THE ADMINISTRATION: The Fallout from Ford's Rush to Pardon

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Throughout the most painful week of Gerald Ford's fledgling presidency, public protest continued to batter the White House. Far from easing after the first shock of Ford's precipitate pardon of Richard Nixon for any and all federal crimes committed during his presidency, the controversy grew. It was fed partly by Ford's refusal to explain further his mysterious reversal on his Executive intervention, partly by White House fumbling on whether all the other Watergate offenders might also be pardoned. Ford's inexperienced aides —almost all of whom had opposed the timing of the pardon—were left scrambling futilely to justify the President's action.

Squandered Trust. There was as yet no evidence that Ford's motives were other than high-minded and merciful. Indeed, some of the criticisms of his action were overwrought and hysterical. Suggestions that justice was dead in the U.S. or that Ford's Administration had been irrevocably compromised were exaggerations. Nevertheless, Ford's first major decision raised disturbing questions about his judgment and his leadership capabilities, and called into question his competence. He had apparently needlessly, even recklessly, squandered some of that precious public trust that is so vital to every President. By associating himself so personally with the welfare of his discredited predecessor, he had allowed himself to be tainted by Watergate—a national scandal that the courts, prosecutors and Congress had labored so long and effectively to expose and resolve.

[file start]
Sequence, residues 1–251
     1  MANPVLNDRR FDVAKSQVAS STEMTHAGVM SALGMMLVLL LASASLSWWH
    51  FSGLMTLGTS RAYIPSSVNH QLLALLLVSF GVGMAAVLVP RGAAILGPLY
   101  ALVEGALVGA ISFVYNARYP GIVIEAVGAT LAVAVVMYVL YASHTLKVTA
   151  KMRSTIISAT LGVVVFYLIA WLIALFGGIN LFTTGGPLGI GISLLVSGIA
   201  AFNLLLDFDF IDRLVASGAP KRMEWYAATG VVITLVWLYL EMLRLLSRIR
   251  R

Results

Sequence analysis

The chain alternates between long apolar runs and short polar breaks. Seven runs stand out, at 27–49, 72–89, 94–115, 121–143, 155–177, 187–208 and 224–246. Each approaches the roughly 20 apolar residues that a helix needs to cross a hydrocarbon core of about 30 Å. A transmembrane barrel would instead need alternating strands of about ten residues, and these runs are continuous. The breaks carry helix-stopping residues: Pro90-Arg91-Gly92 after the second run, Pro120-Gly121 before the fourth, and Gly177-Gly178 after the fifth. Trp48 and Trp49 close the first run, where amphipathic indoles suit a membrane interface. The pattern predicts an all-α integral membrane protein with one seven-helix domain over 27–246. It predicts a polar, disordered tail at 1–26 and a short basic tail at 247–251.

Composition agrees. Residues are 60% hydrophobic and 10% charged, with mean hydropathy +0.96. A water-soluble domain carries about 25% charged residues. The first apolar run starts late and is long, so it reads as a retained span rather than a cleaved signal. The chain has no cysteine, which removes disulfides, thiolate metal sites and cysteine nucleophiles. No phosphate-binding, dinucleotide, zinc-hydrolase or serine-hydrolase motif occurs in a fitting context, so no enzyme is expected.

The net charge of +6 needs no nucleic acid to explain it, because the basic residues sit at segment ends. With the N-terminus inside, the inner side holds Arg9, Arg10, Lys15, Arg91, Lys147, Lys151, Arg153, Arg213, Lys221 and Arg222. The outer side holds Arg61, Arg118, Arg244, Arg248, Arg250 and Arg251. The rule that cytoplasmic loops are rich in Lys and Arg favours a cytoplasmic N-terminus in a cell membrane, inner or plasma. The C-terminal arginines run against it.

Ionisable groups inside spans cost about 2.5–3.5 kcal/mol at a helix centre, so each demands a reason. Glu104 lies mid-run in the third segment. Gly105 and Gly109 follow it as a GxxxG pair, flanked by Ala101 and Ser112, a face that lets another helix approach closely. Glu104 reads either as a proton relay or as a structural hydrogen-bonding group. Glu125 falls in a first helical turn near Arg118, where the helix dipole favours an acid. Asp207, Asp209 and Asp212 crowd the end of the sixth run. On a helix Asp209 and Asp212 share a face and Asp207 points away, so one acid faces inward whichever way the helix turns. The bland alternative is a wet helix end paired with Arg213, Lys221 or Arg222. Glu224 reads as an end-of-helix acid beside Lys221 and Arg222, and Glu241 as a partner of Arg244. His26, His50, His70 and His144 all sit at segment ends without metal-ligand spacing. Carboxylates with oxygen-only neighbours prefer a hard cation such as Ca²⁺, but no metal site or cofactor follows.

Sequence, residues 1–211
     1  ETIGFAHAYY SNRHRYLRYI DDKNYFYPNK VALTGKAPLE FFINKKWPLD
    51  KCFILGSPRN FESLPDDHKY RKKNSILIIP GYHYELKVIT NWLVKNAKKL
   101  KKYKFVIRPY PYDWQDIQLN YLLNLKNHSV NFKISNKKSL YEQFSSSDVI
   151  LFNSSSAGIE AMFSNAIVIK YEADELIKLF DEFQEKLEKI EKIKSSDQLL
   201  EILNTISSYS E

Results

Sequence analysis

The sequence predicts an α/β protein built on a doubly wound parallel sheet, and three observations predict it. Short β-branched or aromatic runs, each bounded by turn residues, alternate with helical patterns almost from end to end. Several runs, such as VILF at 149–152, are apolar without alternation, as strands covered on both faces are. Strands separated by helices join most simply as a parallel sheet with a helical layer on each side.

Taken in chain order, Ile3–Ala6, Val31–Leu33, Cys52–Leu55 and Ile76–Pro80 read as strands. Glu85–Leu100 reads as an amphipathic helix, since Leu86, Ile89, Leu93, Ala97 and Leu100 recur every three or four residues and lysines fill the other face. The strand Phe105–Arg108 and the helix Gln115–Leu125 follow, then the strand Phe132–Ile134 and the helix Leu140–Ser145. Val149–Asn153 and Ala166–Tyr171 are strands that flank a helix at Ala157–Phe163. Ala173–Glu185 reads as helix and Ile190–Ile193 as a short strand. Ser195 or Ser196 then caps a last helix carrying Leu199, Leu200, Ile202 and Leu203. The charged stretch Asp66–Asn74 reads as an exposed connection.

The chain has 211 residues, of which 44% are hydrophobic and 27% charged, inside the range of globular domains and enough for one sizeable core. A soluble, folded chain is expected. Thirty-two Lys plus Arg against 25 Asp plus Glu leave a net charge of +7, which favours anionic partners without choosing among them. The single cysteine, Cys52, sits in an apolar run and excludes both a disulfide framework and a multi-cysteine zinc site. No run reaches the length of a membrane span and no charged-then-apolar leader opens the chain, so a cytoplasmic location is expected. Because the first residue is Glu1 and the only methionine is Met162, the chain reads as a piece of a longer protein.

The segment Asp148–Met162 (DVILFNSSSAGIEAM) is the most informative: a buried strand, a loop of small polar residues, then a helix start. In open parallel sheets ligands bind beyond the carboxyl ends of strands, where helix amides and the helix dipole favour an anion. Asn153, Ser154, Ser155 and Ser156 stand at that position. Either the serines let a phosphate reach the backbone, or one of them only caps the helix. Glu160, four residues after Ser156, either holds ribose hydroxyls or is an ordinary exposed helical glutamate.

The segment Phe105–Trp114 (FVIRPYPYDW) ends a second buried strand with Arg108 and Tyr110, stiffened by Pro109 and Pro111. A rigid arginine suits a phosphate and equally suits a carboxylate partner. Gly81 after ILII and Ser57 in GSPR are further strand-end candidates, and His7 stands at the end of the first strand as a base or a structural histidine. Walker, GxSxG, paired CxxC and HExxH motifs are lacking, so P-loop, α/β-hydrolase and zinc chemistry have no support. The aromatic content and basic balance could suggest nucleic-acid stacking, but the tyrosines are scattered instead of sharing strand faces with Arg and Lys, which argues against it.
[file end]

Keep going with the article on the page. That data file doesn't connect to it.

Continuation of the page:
Thus, barely a month into his presidency, Gerald Ford found himself jeered by a crowd of pardon protesters outside a hotel in Pittsburgh, where he addressed a conference on urban transportation. They waved signs bearing such taunts as THE COUNTRY WON'T STAND FOR IT—a mockery of Ford's declaration about a pardon for Nixon, which Ford made during the Senate hearings to confirm him as Vice President. In an otherwise pleasant outing to help dedicate a World Golf Hall of Fame in Pinehurst, N.C., Ford faced more banners: IS NIXON ABOVE THE LAW? and JAIL CROOKS, NOT RESISTERS.

Outside the White House, some 250 pickets from George Washington University lofted a bedsheet with the words PROMISE ME PARDON AND I'LL MAKE YOU PRESIDENT—a reference to a widespread cynical suspicion that Nixon as President had exacted a pledge of a pardon from Ford before naming him Vice President and putting him in the line of succession.

The protest was not of Nixonian or Johnsonian proportions or acidity, but it was in sharp contrast to the near-universal era of good feeling that characterized Ford's first four weeks in office. A Gallup poll commissioned by the New York Times last week showed an alarming drop in Ford's popularity. From a rating of 71% approval three weeks before the pardon, he had skidded so that only 49% rated him as doing either a "fair" or "good" job. Unlike Nixon's White House aides, Ford's staff reported the extent of adverse telegrams and mail. More than 30,000 comments were received, and they ran about 6 to 1 against Ford's decision. Telephone callers were less critical; slightly more favored Ford's stand than opposed it.

Premature and Unwise. Of particular significance were the protests of judges, legal scholars,

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